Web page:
Also notable is the following provision within Title 10 of the United States Code (which concerns generally the organization and regulation of the armed forces and Department of Defense):

    10 U.S.C. § 375. Restriction on direct participation by military personnel

        The Secretary of Defense shall prescribe such regulations as may be necessary to ensure that any activity (including the provision of any equipment or facility or the assignment or detail of any personnel) under this chapter does not include or permit direct participation by a member of the Army, Navy, Air Force, or Marine Corps in a search, seizure, arrest, or other similar activity unless participation in such activity by such member is otherwise authorized by law.

In 2006, Congress modified the Insurrection Act as part of the 2007 Defense Authorization Bill (repealed as of 2008).

On September 26, 2006, President Bush urged Congress to consider revising federal laws so that U.S. armed forces could restore public order and enforce laws in the aftermath of a natural disaster, terrorist attack or incident, or other condition.

These changes were included in the John Warner National Defense Authorization Act for Fiscal Year 2007 (H.R. 5122), which was signed into law on October 17, 2006.[5]

Section 1076 is titled "Use of the Armed Forces in major public emergencies." It provided that:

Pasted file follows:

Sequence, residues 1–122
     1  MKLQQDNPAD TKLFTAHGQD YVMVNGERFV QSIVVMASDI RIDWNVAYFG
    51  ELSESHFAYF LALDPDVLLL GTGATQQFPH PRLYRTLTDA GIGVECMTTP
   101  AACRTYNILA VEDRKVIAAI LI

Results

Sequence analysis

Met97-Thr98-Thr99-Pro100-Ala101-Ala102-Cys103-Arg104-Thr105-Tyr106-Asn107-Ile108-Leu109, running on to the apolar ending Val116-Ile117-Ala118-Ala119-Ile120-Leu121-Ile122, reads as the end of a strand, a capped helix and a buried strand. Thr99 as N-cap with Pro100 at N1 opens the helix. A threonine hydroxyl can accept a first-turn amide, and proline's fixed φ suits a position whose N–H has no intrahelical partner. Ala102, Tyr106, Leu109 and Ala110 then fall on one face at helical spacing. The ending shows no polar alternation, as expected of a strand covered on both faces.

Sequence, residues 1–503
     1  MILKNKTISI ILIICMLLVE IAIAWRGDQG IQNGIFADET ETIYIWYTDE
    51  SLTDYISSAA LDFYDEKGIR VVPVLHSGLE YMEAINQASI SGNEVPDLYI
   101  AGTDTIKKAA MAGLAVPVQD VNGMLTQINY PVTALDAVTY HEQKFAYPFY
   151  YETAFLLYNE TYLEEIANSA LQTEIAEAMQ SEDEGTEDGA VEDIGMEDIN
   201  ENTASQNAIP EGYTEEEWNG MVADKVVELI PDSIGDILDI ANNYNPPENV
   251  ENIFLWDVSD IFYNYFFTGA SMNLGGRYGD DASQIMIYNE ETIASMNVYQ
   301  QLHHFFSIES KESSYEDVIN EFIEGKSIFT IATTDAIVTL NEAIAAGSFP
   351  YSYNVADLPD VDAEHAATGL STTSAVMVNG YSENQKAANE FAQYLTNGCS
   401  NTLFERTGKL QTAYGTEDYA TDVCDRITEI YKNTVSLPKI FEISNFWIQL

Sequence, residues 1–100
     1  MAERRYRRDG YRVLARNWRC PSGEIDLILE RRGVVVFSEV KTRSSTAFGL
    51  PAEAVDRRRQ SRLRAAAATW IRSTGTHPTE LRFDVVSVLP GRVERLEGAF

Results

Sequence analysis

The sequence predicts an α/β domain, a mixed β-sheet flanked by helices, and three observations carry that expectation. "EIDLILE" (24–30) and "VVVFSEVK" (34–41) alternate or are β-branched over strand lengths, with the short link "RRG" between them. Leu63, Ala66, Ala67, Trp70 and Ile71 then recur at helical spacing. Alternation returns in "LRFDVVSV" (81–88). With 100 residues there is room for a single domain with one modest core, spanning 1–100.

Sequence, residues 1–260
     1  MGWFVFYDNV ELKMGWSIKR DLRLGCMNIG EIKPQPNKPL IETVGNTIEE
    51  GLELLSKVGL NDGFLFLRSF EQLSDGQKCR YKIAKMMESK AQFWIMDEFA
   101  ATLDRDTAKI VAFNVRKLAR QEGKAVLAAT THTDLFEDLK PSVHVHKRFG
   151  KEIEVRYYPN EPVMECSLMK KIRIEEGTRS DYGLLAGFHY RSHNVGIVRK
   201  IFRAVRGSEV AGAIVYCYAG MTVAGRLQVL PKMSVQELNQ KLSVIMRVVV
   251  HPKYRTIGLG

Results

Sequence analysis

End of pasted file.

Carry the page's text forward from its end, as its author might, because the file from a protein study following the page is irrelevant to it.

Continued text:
The President may employ the armed forces... to... restore public order and enforce the laws of the United States when, as a result of a natural disaster, epidemic, or other serious public health emergency, terrorist attack or incident, or other condition... the President determines that... domestic violence has occurred to such an extent that the constituted authorities of the State or possession are incapable of maintaining public order... or [to] suppress, in a State, any insurrection, domestic violence, unlawful combination, or conspiracy if such... a condition... so hinders the execution of the laws... that any part or class of its people is deprived of a right, privilege, immunity, or protection named in the Constitution and secured by law... or opposes or obstructs the execution of the laws of the United States or impedes the course of justice under those laws.[6]

In 2008, these changes in the Insurrection Act of 1807 were repealed in their entirety, reverting to the previous wording of the Insurrection Act[7] that in its original form was written to limit Presidential power as much as possible in the event of insurrection, rebellion, or lawlessness.